Ecumenical Council Question

From The Councils of the Church: A Short History by Norman Tanner, page 20, bold added:

The question remains whether approval by the bishop of Rome was regarded as necessary. On the one hand, his explicit approval was not invariably expected or even sought, at least immediately. The very important creed of Constantinople I, for example, appears to have received no formal papal approval until after it was accepted by the Council of Chalcedon seventy years later in 451. Popes opposed the summoning of Chalcedon and took time before approving Constantiople II and Nicaea II. On the other hand, the approval of the bishop of Rome was sought as early as Nicaea I, and his sanction gradually came to be accepted as necessary for the decrees of an ecumenical council. But the approval of the other major sees, particularly Constantinople, Alexandria, and Antioch, was also regarded as necessary, so that Rome’s consent must be see within the context of the principle of unanimity, mentioned earlier, rather than as some isolated fiat.

From an above post, I think you all dismissed this quote too lightly. And, I see the quote as more authoritive then the replies given to it.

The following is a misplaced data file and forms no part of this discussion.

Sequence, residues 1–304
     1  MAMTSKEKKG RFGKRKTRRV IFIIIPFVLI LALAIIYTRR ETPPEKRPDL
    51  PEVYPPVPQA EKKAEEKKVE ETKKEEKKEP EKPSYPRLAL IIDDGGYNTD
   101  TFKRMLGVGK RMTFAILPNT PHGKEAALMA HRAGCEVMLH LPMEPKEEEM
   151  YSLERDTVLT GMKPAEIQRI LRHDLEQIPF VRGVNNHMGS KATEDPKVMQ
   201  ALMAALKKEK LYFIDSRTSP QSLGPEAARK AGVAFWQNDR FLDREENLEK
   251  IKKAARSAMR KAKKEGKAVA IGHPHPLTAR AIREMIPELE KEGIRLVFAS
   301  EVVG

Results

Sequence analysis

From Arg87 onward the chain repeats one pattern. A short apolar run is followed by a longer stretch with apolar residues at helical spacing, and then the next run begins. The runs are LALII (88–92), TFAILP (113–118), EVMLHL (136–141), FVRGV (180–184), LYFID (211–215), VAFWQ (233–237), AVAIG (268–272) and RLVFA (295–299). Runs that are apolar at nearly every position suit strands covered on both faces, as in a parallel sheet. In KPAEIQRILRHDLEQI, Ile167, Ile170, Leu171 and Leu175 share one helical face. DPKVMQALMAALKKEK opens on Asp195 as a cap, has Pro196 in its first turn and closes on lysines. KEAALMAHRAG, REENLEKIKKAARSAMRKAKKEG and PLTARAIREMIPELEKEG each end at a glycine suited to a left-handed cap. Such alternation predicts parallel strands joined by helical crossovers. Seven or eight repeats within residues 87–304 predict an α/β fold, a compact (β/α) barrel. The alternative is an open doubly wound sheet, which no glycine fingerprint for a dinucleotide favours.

Dear brother TWF,

To repeat, if a Patriarch is orthodox, his ratification is just as necessary as the Pope’s because he then shares in the collegial infallibility that is the same as the Pope’s unique infallibility. But you have brought up a very interesting issue of the canons. If the canon has a doctrinal basis, my answer would be the same. On the other hand, not all canons are doctrinal, but merely disciplinary. So the question devolves to: would a canon on discipline enacted at an ecumenical council require the ratification of any other Patriarch aside from the Pope.

In my personal opinion, from my studies of the procedures of ecumenical councils, the Pope normally does not attend an ecumenical council personally, but through legates. Everyone at an ecumenical council works on what is to be agreed upon. Thus, Patriarchs who are present at ecumenical councils have a direct hand in deciding what the canons are. The fact is, by the time the acts of Councils, including canons, are sent to the Pope of Rome for ratification, all the other Patriarchs have ALREADY ratified the acts, including the canons. This has always been the normal procedure. So even with regards to canons, I do not see how the ratification of all the other Patriarchs can be avoided, for the ratificiation of the the other Patriarchs are in fact ALREADY required BEFORE the acts/canons are sent to the Patriarch of the West for ratification.


mardukm: Greetings in Christ. Thanks again. I think I now understand your position (and accept it). I apologize for being so slow ;).

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